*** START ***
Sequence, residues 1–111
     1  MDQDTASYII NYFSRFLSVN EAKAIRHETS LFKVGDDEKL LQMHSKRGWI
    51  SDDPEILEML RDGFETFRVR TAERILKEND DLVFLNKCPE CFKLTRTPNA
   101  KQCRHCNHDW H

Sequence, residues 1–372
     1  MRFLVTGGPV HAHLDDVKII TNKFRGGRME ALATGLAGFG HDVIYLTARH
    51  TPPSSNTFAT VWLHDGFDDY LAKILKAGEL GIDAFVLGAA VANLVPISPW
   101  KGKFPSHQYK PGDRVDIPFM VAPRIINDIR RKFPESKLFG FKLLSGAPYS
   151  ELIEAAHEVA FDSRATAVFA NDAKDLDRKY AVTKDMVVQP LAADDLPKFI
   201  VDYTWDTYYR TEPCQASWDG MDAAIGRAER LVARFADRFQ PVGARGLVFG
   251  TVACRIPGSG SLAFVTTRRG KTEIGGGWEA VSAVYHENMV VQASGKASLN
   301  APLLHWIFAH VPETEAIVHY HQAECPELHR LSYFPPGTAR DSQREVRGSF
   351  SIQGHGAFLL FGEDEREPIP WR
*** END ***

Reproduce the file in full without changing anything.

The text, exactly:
Sequence, residues 1–111
     1  MDQDTASYII NYFSRFLSVN EAKAIRHETS LFKVGDDEKL LQMHSKRGWI
    51  SDDPEILEML RDGFETFRVR TAERILKEND DLVFLNKCPE CFKLTRTPNA
   101  KQCRHCNHDW H

Sequence, residues 1–372
     1  MRFLVTGGPV HAHLDDVKII TNKFRGGRME ALATGLAGFG HDVIYLTARH
    51  TPPSSNTFAT VWLHDGFDDY LAKILKAGEL GIDAFVLGAA VANLVPISPW
   101  KGKFPSHQYK PGDRVDIPFM VAPRIINDIR RKFPESKLFG FKLLSGAPYS
   151  ELIEAAHEVA FDSRATAVFA NDAKDLDRKY AVTKDMVVQP LAADDLPKFI
   201  VDYTWDTYYR TEPCQASWDG MDAAIGRAER LVARFADRFQ PVGARGLVFG
   251  TVACRIPGSG SLAFVTTRRG KTEIGGGWEA VSAVYHENMV VQASGKASLN
   301  APLLHWIFAH VPETEAIVHY HQAECPELHR LSYFPPGTAR DSQREVRGSF
   351  SIQGHGAFLL FGEDEREPIP WR